While I’m on a Bragg-bash, I sometimes get annoyed when the topic is literature. As a novelist and a great reader himself, he often inserts his opinions and summaries into the conversation when I believe they don’t add much to the conversation. However, when the topic is well outside his familiarity, he becomes more humble and capably guides the experts through a forest of dense ideas. He’s at his best when he lets his guests talk.
After the show, he and the experts usually repair to a lounge for a cup of tea where the conversation continues, one assumes more free-spiritedly, and they lament all the good bits that had to be left out. He shares choice tidbits from these conversations in his weekly newsletter and a Radio 4 blog.
I enjoy these morsels he shares in his weekly posting; more admirable and humorous qualities of his character peek through. Here are some paragraphs I enjoyed from his post accompanying a show on the gladiator Spartacus:
Mary Beard told me after the programme that Crassus (he who said that no man can count himself rich unless he can afford a private army), the one who finally defeated Spartacus, had taken on the Parthians and himself been defeated. His head was severed and later used as a prop in a performance of The Bacchae at the Parthian court. A story like that is what I think, perhaps many of us think, classical historians are for.
The business of gladiators being killed in the arena and a great flurry of thumbs down going on seems to be ill-founded. Put simply, gladiators were very expensive. They were an investment. Their owners did not like them to be killed and therefore, of course, as privileged, rich and wealthy owners do, they fixed things so that they got what they wanted. So in the end gladiators were as much for show as for dead meat.
There was a discussion about whether Spartacus’s wife could possibly have spent time with him in the gladiatorial school, i.e. lived with him. She certainly seems to have been there when he was bought as a gladiator in the first place.
Curious how we seem to like men fighting each other or lions, bare-topped, shouted on by crowds. But it wasn’t long ago that much the same thing happened around these parts, is it? Crowds at hangings, crowds at bear fights, crowds at executions, women knitting as the guillotine fell. How much would it take for it to come back?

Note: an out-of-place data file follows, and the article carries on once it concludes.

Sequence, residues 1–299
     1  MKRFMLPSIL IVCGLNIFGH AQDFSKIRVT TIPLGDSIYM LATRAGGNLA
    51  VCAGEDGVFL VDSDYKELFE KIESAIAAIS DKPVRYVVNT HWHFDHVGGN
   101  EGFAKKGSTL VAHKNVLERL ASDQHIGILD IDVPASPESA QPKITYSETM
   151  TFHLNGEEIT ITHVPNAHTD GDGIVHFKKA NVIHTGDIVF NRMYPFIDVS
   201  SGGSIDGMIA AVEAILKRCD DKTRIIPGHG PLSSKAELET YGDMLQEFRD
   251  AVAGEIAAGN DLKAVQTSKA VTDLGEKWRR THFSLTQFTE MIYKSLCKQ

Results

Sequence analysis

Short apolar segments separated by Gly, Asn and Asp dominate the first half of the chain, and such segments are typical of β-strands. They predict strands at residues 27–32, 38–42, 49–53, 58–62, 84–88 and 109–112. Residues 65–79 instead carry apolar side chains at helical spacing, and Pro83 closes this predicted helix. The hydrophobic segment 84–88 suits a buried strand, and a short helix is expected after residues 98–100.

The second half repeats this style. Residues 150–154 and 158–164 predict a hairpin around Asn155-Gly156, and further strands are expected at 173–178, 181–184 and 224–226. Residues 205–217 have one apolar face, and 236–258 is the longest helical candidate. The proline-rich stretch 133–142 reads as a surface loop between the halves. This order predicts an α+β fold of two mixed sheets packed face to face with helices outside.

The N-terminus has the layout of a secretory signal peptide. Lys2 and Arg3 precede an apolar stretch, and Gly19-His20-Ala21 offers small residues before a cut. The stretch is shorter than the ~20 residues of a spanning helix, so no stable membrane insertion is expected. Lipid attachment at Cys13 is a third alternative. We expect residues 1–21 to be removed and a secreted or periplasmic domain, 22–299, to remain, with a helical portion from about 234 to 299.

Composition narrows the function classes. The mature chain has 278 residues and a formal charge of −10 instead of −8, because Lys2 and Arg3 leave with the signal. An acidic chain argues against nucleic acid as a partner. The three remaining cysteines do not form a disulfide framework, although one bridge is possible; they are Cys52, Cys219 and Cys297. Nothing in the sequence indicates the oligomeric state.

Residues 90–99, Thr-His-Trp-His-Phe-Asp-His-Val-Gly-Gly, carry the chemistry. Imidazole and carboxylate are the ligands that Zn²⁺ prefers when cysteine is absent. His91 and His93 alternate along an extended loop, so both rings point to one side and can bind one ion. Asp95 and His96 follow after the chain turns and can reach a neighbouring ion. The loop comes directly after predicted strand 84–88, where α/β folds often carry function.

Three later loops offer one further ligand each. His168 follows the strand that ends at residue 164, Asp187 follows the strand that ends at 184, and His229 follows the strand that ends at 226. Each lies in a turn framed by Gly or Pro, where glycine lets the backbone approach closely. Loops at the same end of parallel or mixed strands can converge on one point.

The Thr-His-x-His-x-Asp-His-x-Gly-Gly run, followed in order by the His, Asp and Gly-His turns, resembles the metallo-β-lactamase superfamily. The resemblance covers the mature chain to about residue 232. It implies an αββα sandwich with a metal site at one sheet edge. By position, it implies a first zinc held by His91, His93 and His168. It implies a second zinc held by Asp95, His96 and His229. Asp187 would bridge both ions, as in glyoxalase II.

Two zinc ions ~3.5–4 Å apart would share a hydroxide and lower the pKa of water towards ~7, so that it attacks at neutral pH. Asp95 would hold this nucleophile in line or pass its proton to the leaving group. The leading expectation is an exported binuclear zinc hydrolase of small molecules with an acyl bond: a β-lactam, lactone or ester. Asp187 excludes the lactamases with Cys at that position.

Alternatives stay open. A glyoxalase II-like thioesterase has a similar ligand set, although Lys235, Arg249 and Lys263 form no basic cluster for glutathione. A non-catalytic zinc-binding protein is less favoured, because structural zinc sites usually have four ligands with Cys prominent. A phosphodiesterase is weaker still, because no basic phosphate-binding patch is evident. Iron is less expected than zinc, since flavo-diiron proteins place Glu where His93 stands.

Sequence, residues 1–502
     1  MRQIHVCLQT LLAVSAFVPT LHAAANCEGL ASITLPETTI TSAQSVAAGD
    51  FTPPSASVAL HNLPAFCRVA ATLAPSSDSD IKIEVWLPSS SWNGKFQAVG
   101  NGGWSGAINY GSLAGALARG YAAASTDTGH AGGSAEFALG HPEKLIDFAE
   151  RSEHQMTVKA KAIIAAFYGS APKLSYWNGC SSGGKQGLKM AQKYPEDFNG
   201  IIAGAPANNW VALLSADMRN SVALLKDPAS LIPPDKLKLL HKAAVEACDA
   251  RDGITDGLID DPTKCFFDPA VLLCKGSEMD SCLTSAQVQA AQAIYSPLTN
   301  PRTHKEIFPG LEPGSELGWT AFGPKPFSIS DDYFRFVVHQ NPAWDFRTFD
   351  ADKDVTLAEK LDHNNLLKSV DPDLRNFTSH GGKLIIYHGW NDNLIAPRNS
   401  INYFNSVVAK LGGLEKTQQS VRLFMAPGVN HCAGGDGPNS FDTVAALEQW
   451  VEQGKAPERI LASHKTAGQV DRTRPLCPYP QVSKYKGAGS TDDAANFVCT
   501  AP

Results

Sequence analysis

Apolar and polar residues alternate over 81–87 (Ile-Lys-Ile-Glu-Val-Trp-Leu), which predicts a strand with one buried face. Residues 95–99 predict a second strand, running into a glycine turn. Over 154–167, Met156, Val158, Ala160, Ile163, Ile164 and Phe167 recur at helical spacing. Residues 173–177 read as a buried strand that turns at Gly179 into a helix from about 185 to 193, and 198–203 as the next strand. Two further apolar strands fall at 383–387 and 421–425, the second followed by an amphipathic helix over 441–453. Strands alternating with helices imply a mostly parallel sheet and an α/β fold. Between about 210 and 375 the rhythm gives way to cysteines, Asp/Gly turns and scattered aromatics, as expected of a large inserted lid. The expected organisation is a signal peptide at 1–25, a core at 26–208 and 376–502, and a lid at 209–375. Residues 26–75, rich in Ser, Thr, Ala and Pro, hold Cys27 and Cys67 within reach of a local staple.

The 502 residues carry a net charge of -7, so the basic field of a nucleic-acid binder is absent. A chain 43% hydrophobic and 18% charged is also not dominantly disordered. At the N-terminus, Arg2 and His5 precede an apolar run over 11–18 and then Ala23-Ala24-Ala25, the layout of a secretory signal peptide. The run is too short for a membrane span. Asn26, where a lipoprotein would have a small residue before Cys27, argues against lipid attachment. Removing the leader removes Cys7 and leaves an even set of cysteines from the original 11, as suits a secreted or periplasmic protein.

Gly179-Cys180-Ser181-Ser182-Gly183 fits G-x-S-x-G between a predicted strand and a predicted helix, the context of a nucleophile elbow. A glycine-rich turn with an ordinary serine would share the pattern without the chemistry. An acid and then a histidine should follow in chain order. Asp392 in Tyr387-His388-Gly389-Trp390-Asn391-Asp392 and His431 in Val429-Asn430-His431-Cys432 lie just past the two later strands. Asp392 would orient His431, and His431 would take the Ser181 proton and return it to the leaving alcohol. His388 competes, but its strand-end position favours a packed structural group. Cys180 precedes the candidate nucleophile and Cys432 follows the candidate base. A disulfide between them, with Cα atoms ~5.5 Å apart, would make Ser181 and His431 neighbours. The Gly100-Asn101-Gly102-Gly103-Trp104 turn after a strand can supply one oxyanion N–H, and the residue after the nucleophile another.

What would the 50-something you say to the 20-something you?
You’re going to need reserves of determination, and persistence, now, during the high points and right up to the moment you retire, if that ever happens. So, don’t be put off easily. You’re never too young, too inexperienced, too familiar, too old, too traditional, too radical, too uncool, too black, too female, too weird, too conventional, too deaf, too Portuguese, or too anything for anyone to stop you making the comedy you feel driven to make. And if you don’t feel that, then you shouldn’t be doing it.
And then I realize: The way for me to be better than my parents isn’t to do my taxes on time. That would be nice. But really I need to not give myself choices about how I spend my time. The more choices I have throughout the day, the more decisions I make, the more willpower I need, the more I get distracted from paying attention to the building blocks of a fulfilling life: gratitude, meaning, and ritual.
Being productive means simplifying how you use your time. Which in turn, simplifies your life.
The Durham Country Library – which is a great organization I support with patronage and donations of both books and money – does not notify me when books are either coming due or are overdue. This can be inconvenient when life gets hectic or I forget that the checkout period for DVDs is different from that for books. If you don’t have a system set up to remind you about such things, then it’s all to easy to forget when they’re due.